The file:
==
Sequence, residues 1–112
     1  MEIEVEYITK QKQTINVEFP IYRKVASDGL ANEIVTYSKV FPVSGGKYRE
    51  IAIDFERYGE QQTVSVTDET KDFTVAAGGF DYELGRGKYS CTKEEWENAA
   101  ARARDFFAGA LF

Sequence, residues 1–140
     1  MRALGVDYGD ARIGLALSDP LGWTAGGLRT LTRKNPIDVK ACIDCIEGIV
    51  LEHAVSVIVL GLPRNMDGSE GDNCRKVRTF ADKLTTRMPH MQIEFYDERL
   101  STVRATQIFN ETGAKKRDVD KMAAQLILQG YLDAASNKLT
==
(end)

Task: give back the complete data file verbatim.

Sequence, residues 1–112
     1  MEIEVEYITK QKQTINVEFP IYRKVASDGL ANEIVTYSKV FPVSGGKYRE
    51  IAIDFERYGE QQTVSVTDET KDFTVAAGGF DYELGRGKYS CTKEEWENAA
   101  ARARDFFAGA LF

Sequence, residues 1–140
     1  MRALGVDYGD ARIGLALSDP LGWTAGGLRT LTRKNPIDVK ACIDCIEGIV
    51  LEHAVSVIVL GLPRNMDGSE GDNCRKVRTF ADKLTTRMPH MQIEFYDERL
   101  STVRATQIFN ETGAKKRDVD KMAAQLILQG YLDAASNKLT